Question Two: In April of 2014, SHWGroup presented a Facility Condition Assessment that evaluated each campus as well as the auxiliary buildings. While we have an excellent maintenance department at Salado ISD, the needs of each campus differ simply because of the age of the buildings. Salado High School and Intermediate School are our two newest buildings. They have been well maintained and are in good condition. The Jr. High School was built in 1979 and is in fair condition. The elementary rated poor since there are many mechanical systems that need to be upgraded to today standards. They function and have been maintained, however, the life span is reaching their limit. The Ag Facilities are in need of upgrades and since we have an award winning Ag Department, it would be wonderful to provide our students the facilities to continue on their successful path. The athletic facilities differ in condition depending on the sport.
1. The district has already begun the process of accessing the current facility conditions and capacities along with staff and curriculum reviews in order to evaluate what will be needed for upcoming requirements. The district is also retaining the services of a consultant group who will very soon begin the process of long range planning. This group is specialized in long range planning and has done so for many districts, large and small. It will be good to have an outside set of eyes and ears who will facilitate meetings with staff, parents, students, and community members over the next several weeks and months with the goal of determining the needs and wishes for the district in order to set a course of action for the superintendent and board. So, yes, I do believe the district is on the right path to adequately plan for growth.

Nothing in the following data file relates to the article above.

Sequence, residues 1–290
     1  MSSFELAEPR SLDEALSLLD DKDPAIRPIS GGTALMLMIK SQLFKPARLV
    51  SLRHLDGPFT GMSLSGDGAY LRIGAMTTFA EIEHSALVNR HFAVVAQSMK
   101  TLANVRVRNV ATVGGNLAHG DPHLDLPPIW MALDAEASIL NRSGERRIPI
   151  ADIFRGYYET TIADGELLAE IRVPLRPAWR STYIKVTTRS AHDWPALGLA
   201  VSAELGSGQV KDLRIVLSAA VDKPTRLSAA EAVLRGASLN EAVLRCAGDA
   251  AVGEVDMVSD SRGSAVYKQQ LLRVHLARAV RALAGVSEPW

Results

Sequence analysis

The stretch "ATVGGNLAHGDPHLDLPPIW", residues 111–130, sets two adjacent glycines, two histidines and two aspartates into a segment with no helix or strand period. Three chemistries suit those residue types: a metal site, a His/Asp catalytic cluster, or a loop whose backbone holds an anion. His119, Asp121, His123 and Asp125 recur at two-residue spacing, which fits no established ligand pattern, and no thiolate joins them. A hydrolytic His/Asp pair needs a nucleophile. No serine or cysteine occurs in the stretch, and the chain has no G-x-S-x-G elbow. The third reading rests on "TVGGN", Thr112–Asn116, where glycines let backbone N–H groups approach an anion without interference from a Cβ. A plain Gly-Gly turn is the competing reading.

2. Last year the district received a Facility Condition Assessment report prepared by SHW Group. Facility evaluations were based on “functional operation, age, expected life, appearance, fault and/or failure”, interviews with facility administrators, written surveys completed by staff, and site inspections. All that information was compiled along with costs and a “Facility Condition Index” score was calculated. Those scores rated the: Elementary – poor; Intermediate – good; Jr high – fair; High school – good; Football/track – fair; Baseball – good; Softball – good; Arts center – fair; Ag barn – poor; Civic center/admin – poor; Transportation/maintenance – poor
Also an “educational appropriateness” summary was provided for each facility including current enrollment and capacity, compliance with TEA standards, and facility priorities.
There are many options and scenarios to consider, but as to “what needs to be done” that will hopefully become much clearer after the long range planning is completed as discussed in the answer to question 1.